Cyber students take crime-fighting skills to the front line

Danielle Kelly and Lisa Cornford are on placement with Wolfberry, which is run by Damon Rands. Neil Gibson, May 2017

Danielle Kelly and Lisa Cornford are on placement with Wolfberry, which is run by Damon Rands. 

FEMALE students at the University of South Wales (USW) are leading the effort to halt cyber attacks during special industrial placements.

Three Computer Forensics undergraduates at USW‘s National Cyber Security Academy (NCSA), which is based at its Newport Campus, are carrying work placements with online specialists Wolfberry, which is also based in the city.

Lisa Cornford, 29, of Newport; Danielle Kelly, 21, who’s from Holywell in Flintshire, and Barry resident Emma Alford, 42, are working with a wide range of Wolfberry’s clients to ensure their cyber security skills are up to date.

The NCSA was set up last year in partnership with the Welsh Government to ‘flight test’ a course to ensure it meets the latest digital challenges, with the students working on real-world projects in the cyber security environment.  

Wolfberry CEO Damon Rands, who was also involved in designing the NCSA curriculum, said what the students have learned at USW has given them a vital understanding of what is needed by business in the sector.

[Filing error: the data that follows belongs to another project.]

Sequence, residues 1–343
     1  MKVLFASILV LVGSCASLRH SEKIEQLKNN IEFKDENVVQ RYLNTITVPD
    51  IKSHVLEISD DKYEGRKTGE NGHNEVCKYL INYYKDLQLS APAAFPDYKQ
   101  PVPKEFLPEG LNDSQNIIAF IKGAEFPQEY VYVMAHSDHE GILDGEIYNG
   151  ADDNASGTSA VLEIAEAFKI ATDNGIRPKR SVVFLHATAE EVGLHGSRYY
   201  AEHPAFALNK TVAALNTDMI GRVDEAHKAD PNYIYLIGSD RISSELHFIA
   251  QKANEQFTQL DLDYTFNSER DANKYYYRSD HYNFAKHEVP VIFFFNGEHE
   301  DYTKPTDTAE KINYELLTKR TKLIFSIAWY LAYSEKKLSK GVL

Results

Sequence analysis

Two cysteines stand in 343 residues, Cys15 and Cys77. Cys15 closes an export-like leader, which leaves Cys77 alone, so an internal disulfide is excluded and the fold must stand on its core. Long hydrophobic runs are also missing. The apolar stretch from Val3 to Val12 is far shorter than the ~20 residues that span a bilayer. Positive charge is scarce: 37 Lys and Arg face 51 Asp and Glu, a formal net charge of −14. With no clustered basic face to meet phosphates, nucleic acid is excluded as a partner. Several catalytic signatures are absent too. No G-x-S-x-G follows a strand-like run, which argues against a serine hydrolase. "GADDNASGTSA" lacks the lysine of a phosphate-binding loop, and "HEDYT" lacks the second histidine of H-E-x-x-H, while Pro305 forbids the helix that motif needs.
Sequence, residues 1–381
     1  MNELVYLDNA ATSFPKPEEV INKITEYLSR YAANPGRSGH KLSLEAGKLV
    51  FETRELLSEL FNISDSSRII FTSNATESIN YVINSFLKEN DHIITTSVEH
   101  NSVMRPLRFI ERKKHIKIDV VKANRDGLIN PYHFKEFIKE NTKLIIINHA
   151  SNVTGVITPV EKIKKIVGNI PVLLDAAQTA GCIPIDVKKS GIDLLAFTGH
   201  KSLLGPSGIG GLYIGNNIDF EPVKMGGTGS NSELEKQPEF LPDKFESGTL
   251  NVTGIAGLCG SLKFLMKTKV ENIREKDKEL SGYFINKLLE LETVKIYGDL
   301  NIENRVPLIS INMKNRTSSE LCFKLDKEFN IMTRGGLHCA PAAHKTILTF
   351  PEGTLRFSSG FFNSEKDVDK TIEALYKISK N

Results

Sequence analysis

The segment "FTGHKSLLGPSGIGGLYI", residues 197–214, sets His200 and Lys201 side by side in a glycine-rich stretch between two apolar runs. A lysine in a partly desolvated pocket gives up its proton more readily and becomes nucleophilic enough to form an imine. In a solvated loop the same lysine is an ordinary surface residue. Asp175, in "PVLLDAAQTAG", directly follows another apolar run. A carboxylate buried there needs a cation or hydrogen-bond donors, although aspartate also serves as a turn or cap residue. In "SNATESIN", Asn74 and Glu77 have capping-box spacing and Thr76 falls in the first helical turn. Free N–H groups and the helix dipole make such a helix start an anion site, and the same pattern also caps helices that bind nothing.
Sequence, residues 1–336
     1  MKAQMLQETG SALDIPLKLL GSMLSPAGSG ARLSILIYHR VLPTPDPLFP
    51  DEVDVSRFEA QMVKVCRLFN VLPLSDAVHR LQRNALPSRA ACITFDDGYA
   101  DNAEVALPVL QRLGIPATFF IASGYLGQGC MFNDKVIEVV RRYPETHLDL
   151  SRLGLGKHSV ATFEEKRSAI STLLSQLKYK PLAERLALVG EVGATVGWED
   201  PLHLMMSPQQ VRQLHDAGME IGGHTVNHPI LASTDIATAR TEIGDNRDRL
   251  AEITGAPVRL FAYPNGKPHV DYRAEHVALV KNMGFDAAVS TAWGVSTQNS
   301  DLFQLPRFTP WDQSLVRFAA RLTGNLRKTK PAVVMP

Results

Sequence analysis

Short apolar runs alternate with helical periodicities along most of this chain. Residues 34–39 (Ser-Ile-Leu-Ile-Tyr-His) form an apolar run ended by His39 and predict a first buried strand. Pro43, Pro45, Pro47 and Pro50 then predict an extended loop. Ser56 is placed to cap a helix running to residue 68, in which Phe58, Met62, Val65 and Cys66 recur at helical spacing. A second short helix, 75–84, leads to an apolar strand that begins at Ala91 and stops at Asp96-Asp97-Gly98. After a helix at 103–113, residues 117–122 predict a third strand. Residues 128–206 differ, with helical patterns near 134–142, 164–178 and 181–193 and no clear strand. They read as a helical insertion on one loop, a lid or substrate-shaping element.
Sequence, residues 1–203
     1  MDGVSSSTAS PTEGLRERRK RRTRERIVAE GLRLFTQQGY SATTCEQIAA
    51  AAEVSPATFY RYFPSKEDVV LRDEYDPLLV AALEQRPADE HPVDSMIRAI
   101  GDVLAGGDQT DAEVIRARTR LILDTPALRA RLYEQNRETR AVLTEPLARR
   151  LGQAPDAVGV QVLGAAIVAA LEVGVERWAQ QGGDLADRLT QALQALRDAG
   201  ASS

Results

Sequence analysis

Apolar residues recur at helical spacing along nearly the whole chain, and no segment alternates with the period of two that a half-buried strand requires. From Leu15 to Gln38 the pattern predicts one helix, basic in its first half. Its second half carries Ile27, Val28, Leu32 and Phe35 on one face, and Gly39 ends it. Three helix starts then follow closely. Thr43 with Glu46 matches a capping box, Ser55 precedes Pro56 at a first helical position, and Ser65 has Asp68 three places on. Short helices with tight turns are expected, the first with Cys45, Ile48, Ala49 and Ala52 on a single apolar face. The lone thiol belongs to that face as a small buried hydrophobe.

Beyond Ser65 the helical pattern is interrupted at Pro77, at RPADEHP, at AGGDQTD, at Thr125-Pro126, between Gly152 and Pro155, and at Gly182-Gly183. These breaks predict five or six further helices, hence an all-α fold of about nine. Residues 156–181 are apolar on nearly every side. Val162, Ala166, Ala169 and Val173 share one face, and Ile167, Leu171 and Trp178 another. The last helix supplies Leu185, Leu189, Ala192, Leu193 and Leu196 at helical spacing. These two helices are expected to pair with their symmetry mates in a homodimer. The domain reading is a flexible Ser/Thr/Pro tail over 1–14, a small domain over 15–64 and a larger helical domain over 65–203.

“Emma, Lisa and Danielle have the skills needed to hit the ground running when they are on work placements,” he said.

“In this industry, it is vital that those who are with us in the short-term know what needs to be done as soon as they arrive.

“Because I was closely involved with the NCSA from its inception, I knew what the students had learned and that I could rely on their expert knowledge to complete the projects that my clients rely on to keep their online systems safe from attack.”

Lisa added: “It’s been a great experience for us to work on the front line of cyber security, with a company that is directly involved in the sector.

“Studying with the NCSA has given us an understanding of what modern businesses need to do to protect themselves from cyber attack, and Wolfberry has given us the opportunity to put this into practice.”

Stephen Biggs, Head of the NCSA, added: “Cyber crime continues to pose a growing global security threat, as recent attacks have shown, and there is a real demand for highly-skilled cyber security experts to tackle this issue.

“The partnership with Wolfberry is giving our students a chance to show their skills where they are needed most – in the real world – and to gain vital experience in an environment similar to that where they will be working when they leave us.”

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